Seminar - Probing Mechanical Principles of Cell-Matrix Interaction by Dr. Jin Qian
Date: 14 March 2013 (Thursday)
Time: 11:00 am – 12:00 pm
Venue: EF305, The Hong Kong Polytechnic University
With rapid advances in both biological and physical sciences, there exist unprecedented opportunities and promises at the interface between mechanics and cellular/molecular biology. A number of recent developments on cell’s responses to its mechanical environment highlight the importance of mechanics research in this field. In this talk, I will present some recent theoretical studies aimed at probing the basic mechanical principles of focal contacts in cell-matrix adhesion via stochastic-elasticity models. Discussions will be organized around the following questions: Why is there a micron-scale size limit on focal adhesions in cell-matrix interaction? Why do many cells prefer stiffer substrates? How does the stability of focal adhesions depend on the stress fiber orientation? Why are cytoskeletal contractile forces necessary to stabilize focal adhesions? With these questions in mind, the talk will provide possible explanations for a wide range of experimental observations and suggest multiple mechanisms by which cells can actively control adhesion and deadhesion via cytoskeletal contractile machinery in response to mechanical properties of their surroundings.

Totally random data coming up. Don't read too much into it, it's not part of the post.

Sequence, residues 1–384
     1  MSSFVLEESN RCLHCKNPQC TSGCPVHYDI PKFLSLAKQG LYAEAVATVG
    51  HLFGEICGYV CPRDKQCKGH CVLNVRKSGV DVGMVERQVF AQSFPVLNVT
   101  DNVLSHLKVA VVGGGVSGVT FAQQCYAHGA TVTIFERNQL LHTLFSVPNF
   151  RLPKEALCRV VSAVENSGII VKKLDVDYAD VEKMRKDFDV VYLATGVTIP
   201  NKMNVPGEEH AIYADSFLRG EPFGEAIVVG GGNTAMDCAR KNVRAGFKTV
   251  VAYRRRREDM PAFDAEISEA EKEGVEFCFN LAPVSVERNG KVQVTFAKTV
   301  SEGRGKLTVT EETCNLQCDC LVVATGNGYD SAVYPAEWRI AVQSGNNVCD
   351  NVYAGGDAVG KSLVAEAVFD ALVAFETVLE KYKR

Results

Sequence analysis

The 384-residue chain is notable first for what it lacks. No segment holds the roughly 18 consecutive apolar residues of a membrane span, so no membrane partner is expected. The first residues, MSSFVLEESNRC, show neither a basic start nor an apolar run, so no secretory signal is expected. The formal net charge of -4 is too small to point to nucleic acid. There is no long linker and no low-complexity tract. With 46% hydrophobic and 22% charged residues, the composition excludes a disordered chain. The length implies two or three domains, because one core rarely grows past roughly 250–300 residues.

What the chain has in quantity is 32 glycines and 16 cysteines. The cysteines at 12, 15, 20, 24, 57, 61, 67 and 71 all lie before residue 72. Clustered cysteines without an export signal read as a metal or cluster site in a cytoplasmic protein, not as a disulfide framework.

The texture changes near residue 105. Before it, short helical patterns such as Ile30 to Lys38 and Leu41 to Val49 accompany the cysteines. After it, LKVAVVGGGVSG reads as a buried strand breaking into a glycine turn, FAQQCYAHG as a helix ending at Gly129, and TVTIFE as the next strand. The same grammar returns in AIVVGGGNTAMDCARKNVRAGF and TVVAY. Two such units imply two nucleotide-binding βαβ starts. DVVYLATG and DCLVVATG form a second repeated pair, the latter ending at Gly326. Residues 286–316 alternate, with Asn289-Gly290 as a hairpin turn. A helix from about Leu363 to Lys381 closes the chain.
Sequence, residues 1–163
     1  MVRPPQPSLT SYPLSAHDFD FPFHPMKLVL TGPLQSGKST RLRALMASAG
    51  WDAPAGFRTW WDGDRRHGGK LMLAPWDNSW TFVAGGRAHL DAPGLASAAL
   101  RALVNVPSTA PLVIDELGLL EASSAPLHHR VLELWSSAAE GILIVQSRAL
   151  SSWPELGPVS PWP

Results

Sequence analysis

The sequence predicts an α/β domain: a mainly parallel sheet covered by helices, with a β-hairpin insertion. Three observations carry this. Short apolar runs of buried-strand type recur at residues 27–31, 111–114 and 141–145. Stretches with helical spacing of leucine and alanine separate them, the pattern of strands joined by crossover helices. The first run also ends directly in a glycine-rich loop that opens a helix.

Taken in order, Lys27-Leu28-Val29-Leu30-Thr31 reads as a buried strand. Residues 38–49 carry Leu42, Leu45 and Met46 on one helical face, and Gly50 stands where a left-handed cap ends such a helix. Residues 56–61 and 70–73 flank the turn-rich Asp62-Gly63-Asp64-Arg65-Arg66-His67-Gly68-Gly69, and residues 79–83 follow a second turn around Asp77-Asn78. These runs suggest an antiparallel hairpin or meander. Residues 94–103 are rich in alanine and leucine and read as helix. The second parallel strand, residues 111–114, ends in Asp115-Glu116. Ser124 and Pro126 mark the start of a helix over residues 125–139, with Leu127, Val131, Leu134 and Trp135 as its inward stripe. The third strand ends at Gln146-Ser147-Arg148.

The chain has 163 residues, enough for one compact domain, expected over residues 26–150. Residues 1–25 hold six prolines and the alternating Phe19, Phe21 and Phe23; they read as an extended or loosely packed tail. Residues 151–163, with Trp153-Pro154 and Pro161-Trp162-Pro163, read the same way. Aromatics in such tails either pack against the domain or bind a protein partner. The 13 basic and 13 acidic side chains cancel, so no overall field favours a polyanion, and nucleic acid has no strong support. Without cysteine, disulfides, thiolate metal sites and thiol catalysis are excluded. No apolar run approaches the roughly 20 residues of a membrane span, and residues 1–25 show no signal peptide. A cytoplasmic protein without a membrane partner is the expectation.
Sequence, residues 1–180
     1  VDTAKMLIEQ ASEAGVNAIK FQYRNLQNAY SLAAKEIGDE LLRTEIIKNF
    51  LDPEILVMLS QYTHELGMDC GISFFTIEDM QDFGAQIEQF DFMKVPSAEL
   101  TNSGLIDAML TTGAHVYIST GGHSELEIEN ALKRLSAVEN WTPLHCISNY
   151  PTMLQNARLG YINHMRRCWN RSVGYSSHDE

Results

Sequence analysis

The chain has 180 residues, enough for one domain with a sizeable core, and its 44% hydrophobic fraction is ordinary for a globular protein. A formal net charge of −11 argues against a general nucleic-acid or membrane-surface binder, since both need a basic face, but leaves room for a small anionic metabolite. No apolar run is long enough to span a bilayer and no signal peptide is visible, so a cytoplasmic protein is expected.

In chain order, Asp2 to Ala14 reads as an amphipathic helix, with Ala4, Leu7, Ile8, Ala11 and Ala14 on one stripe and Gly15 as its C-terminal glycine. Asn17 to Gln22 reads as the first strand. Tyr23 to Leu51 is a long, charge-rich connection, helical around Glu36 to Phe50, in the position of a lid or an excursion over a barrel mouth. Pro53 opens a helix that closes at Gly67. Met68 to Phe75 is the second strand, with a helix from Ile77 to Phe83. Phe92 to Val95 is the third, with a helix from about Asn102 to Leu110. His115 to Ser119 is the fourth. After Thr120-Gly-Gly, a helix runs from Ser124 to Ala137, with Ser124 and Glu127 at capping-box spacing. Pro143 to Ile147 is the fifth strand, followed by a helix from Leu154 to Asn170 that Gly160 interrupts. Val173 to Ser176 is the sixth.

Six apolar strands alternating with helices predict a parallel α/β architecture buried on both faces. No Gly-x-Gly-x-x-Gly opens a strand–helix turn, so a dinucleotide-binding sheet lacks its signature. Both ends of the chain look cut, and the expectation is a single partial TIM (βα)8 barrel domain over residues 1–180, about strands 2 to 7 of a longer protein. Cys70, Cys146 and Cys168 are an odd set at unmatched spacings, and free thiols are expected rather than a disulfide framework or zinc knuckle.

Jin Qian received his B.E. degree from Peking University in 2000, and his M.S. degree from Institute of Mechanics, Chinese Academy of Sciences in 2003. He entered the solid mechanics group at Brown University in March 2006, obtained an Sc.M. degree in Applied Mathematics in May 2009, and completed his Ph.D. degree requirements from School of Engineering at Brown University in August 2009. He was a Postdoctoral Fellow working in Coulter Department of Biomedical Engineering at Georgia Institute of Technology for two years, and joined Zhejiang University in October 2011.